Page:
Today kicks off Wicked Wednesdays, which is much more tame than it might sound at first. Wednesdays will now be the day when I blab about guilty pleasures and oh-so-pleasant vices, broadly conceived.
Today’s topic: books about scholars!
For as long as I can remember, I’ve loved books about intrepid academics who leave behind the dusty archives of the day-job, only to find themselves embroiled in the midst of heart-pounding adventure. It is, perhaps, wishful thinking on some level. As a PhD student in sociology with a (un?)healthy obsession with historical archives, I harbor the hope that one day, my pursuit of knowledge might take me on a voyage or two of my own.
When it comes to literature, I find that academics make wonderful protagonists. By nature, they’re curious, intelligent, and good at digging for clues. Better yet, they don’t quite know how to stay away from potentially dangerous objects, because, y’know, the drive for knowledge is all-consuming. They also have the potential for fish-out-of-water hilarity — just think of what happens when a staid and stodgy scholar is yanked out of her comfort zone (classroom, library, well-furnished office) and thrust into life-threatening danger.
Here are my top 5 favorite books starring academics:
5. A Wizard in Rhyme, Christopher Stasheff
Christopher Stasheff’s A Wizard in Rhyme series was one of my first books I read featuring a scholarly protagonist. The books fell into my hands during my freshman year of high school, passed along by my friend Ella once she learned that I was a fellow fantasy lover. The main character, Matt, is a English PhD student working his way through a thorny dissertation when a series of strange runes leads him into an alternate universe, where speaking in rhyme is the key to wielding magic. With a brain filled with poetry and verse, he finds himself an unlikely hero, inadvertently battling the forces of evil in order to free an imprisoned queen.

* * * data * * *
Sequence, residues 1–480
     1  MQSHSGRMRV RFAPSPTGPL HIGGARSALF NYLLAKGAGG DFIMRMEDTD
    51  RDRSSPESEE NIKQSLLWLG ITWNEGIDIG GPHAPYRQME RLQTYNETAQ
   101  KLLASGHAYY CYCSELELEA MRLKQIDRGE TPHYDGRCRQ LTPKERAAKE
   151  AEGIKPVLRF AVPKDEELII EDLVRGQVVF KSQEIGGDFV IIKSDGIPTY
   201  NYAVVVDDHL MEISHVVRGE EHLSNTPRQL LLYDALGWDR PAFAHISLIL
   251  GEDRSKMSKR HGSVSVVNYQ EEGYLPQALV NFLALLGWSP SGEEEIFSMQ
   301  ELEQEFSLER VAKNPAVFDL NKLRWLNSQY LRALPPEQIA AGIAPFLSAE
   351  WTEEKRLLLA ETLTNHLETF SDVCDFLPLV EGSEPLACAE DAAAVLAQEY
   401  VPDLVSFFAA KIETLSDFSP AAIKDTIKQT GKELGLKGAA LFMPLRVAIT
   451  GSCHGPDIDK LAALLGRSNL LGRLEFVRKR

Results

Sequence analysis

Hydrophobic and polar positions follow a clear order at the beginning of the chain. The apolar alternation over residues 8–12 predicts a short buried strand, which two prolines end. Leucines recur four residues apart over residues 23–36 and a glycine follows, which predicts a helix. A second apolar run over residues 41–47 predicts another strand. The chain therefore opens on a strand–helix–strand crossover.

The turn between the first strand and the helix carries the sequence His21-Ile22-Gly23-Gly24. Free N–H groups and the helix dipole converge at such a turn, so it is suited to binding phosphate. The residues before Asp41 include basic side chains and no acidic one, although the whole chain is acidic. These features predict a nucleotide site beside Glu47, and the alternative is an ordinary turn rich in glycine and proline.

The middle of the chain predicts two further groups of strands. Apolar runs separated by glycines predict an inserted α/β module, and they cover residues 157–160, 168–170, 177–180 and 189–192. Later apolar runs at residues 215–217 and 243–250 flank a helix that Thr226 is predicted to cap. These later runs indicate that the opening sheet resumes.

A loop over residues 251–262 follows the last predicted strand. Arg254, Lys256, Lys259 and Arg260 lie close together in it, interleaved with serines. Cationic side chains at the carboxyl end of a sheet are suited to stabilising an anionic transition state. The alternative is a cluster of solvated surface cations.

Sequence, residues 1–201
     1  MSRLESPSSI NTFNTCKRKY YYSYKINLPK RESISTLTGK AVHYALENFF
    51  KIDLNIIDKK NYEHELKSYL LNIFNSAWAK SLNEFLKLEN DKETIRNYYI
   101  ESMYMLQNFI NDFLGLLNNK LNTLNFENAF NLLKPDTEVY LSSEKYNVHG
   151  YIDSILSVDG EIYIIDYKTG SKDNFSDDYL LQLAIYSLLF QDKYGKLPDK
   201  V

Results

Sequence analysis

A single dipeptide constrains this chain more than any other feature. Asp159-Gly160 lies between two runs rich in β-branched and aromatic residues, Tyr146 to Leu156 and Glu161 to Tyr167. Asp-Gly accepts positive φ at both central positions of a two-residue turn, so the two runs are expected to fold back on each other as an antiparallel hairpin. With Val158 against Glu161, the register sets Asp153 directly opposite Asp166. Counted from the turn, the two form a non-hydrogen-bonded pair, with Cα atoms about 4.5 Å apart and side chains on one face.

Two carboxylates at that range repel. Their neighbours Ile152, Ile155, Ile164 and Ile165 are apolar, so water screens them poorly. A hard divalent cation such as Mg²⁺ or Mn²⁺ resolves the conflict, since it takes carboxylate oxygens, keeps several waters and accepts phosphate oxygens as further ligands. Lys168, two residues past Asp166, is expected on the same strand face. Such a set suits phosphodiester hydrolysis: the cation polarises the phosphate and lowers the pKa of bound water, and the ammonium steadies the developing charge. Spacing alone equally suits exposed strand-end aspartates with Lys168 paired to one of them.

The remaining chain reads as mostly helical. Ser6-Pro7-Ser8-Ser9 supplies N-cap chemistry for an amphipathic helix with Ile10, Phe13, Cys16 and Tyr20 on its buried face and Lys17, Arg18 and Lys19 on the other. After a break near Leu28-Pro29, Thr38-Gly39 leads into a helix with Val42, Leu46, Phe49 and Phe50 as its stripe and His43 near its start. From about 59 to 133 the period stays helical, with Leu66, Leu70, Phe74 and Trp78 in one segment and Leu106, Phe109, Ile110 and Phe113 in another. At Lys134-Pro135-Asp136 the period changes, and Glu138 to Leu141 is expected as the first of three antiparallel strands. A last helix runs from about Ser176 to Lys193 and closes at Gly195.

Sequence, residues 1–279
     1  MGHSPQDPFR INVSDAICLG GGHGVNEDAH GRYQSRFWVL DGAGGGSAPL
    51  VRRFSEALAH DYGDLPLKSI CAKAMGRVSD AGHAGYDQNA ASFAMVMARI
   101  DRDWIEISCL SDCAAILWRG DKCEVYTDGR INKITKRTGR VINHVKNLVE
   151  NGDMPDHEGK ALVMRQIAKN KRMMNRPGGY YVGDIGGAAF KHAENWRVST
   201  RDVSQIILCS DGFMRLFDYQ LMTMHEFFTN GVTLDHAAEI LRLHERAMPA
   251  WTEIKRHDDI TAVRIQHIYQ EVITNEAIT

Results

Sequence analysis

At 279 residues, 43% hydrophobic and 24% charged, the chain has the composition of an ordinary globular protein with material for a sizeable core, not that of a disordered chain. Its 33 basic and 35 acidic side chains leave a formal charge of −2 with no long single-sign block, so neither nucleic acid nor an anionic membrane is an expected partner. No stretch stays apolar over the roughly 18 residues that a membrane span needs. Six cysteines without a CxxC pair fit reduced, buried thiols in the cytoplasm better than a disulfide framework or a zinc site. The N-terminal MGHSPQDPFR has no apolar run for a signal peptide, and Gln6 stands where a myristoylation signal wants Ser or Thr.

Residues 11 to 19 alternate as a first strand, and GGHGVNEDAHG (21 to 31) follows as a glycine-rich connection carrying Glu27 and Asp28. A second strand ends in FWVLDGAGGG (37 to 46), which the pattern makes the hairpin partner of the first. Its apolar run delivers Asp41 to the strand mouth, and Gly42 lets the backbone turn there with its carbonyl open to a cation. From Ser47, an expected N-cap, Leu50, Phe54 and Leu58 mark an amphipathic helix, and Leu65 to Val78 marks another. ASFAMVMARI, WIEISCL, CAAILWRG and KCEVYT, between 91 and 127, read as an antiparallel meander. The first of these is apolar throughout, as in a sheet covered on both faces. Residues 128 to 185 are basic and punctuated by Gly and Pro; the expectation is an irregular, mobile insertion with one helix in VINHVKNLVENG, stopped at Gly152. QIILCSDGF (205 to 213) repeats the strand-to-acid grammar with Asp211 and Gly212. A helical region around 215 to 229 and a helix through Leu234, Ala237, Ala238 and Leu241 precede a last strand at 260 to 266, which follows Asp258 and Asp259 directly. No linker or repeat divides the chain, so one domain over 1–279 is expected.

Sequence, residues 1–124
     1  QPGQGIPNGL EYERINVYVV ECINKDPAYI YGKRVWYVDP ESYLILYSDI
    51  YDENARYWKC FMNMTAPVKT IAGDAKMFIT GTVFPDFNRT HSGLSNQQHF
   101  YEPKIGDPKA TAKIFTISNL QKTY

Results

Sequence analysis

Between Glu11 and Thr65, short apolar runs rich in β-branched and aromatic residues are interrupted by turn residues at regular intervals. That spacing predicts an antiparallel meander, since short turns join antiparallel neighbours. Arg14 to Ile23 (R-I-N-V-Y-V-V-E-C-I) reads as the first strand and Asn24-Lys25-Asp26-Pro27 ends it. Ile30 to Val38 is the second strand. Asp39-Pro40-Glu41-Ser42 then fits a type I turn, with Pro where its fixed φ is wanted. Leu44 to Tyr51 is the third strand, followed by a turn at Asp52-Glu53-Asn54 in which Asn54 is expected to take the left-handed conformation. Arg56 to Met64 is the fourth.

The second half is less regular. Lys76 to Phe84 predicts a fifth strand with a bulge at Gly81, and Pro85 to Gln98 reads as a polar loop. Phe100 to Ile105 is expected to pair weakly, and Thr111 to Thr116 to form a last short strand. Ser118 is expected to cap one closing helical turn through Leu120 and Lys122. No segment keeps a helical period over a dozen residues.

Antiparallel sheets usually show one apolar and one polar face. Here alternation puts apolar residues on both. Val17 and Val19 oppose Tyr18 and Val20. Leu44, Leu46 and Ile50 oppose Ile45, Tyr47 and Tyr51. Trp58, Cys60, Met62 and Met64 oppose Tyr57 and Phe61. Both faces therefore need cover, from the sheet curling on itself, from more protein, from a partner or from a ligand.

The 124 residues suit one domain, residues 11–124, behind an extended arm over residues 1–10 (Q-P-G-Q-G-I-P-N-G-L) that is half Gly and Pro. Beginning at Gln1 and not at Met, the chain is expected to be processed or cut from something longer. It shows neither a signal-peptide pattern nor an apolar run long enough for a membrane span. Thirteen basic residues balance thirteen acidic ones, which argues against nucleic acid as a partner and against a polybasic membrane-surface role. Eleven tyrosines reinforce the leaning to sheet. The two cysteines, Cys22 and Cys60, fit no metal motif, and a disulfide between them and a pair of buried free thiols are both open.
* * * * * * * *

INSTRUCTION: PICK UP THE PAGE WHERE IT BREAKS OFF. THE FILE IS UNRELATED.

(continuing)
Stasheff’s novels are filled with humor and adventure, along with a dash of romance, which I love. My only regret is that Stasheff seems to have abandoned the series; the last book published was The Feline Wizard, in 2000.
4. Spell of the Highlander, Karen Marie Moning
Right, I admit it: I have a huge weak spot for romance novels involving harried, overworked academic gals (this has nothing, I repeat, nothing, of my own personal fantasies bound up in this, I swear). Moning, who writes some of the best bodice-rippers starring brawny, kilt-wearing, Scottish alpha men, earned my undying love and devotion when she wrote Spell of the Highlander, featuring anthropology PhD student Jessi St. James.
Jessi’s world changes when she accepts a package sent to her dissertation advisor: a strange mirror that just happens to house a ninth-century Scottish Druid who is, of course, sex on legs. This book is not about scholarly hunts for knowledge (unless, er, you count carnal knowledge?), but my list would be sadly incomplete without it. 😉
3. The Physick Book of Deliverance Dane, Katherine Howe
I stumbled upon this book in the bargain section of my local Borders during its going-out-of-business sale. I’d never heard of it before, but the blurb hooked me immediately with the magical words “Harvard graduate student,” “Salem witch trials,” and “unearth[ing] a rare artifact of singular power.”